We analyzed polymorphism and divergence at five Z-linked and six autosomal loci in and between the four black-and-white Ficedula flycatcher species. The Z-linked markers exhibited reduced levels of polymorphism, yet elevated levels of differentiation between the species pairs compared to the autosomal ones. Such a pattern of elevated divergence and reduced polymorphism has previously been reported also among other closely related bird species (Berlin and Ellegren 2004; Borge et al. 2005b; Storchova et al. 2010; Backström and Väli 2011; Elgvin et al. 2011), and has alternately been attributed to faster adaptive divergence on the Z chromosome (the faster-Z hypothesis) and/or reduced introgression on the Z chromosome due to accumulation of sex-linked incompatibilities (the differential introgression hypothesis). Below, we discuss our results in more detail to try to disentangle which of the hypotheses best explains the observed patterns.

Comparison of species pairs

Of the four focal taxa, only the pied flycatcher and collared flycatcher have overlapping breeding ranges at present (Fig. 2). In sympatric populations of these two species, some hybridization occurs (Qvarnström et al. 2010; Sætre and Sæther 2010). Evidence suggests that some autosomal introgression may occur in these sympatric populations whereas Z-linked introgression is apparently absent (Borge et al. 2005a). This result is consistent with the differential introgression hypothesis. However, heterospecific autosomal alleles have only been found within the hybrid zones and not in adjacent allopatric populations (Borge et al. 2005a). We thus consider it likely that the individuals inferred to possess introgressed alleles in Borge et al. (2005a) are actually recent backcrosses. Wiley et al. (2009) demonstrated that hybrid problems (low fertility) is not restricted to F1-hybrids but also occurs in first- and second-generation backcrosses (and possibly beyond). Hence, current introgression appears to be too low to significantly affect genetic variation of the pied and collared flycatcher except in the very heart of their hybrid zones.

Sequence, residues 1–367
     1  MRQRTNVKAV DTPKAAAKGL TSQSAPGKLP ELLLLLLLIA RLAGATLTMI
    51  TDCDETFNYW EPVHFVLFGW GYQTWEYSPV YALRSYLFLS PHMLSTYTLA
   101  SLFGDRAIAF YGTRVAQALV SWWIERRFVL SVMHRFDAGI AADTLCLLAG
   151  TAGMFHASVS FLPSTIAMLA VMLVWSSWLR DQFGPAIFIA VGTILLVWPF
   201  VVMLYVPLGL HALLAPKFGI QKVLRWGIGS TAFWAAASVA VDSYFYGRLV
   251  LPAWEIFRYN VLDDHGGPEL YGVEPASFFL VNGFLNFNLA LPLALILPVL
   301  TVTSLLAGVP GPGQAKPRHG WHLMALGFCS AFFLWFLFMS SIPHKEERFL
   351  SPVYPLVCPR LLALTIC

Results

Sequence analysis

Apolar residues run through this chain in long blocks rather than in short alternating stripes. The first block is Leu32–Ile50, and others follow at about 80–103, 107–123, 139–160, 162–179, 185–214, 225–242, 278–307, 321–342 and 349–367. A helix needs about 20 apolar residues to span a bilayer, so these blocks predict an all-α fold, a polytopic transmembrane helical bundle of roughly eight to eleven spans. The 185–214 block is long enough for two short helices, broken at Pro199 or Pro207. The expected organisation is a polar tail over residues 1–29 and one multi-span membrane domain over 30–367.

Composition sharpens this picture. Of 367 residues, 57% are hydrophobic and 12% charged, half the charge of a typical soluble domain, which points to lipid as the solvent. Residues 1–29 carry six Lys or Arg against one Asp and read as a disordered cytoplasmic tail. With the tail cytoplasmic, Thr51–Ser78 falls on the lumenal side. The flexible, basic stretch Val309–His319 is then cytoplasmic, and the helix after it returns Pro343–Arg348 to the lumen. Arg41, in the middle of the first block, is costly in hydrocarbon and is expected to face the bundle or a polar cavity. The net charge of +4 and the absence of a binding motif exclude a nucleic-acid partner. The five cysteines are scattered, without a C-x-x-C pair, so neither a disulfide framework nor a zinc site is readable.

Species distributions are not static and it is certainly possible that some of the species pairs have experienced secondary contact in the past, following their initial split. However, the pattern of elevated divergence and reduced polymorphism at the Z-linked loci appeared rather consistent among the different pairs of species: The Zθ:Aθ ratio was below the expected ratio of 0.75 in all populations except the Spanish pied flycatcher. However, in a previous study where a larger number of Z-linked and autosomal markers were analyzed, a significantly reduced Zθ:Aθ ratio was reported also in the latter population (Borge et al. 2005b), suggesting that the apparent heterogeneity in the present study may be mainly due to the lower number of loci included. On the other hand, species differentiation was consistently larger at the Z-linked compared to the autosomal loci. We would think that the degree of historic introgression and the degree to which such introgression would have been biased toward the autosomes are likely to have varied among the species pairs. Accordingly, we would expect the pattern of polymorphism and divergence to have been more heterogeneous than what we observe if differential introgression was the major factor affecting Z-linked and autosomal loci differentially.

IMa analysis

According to the IMa analyses, our estimates of gene flow between the species pairs do not support the differential introgression hypothesis. We found no evidence for elevated rates of autosomal gene flow among any of the species pairs. The estimates of historic gene flow were close to zero for all species pairs at both the Z-linked and the autosomal dataset. Rather, our analyses are consistent with a scenario of classical allopatric speciation. The four focal taxa are well differentiated according to both the autosomal and the Z-linked dataset, having diverged several hundred thousand years ago or even more than a million years ago according to some of the estimates, not very different from previous estimates based on divergence at mitochondrial DNA (e.g., Sætre et al. 2001).

Faster adaptive divergence on the Z chromosome?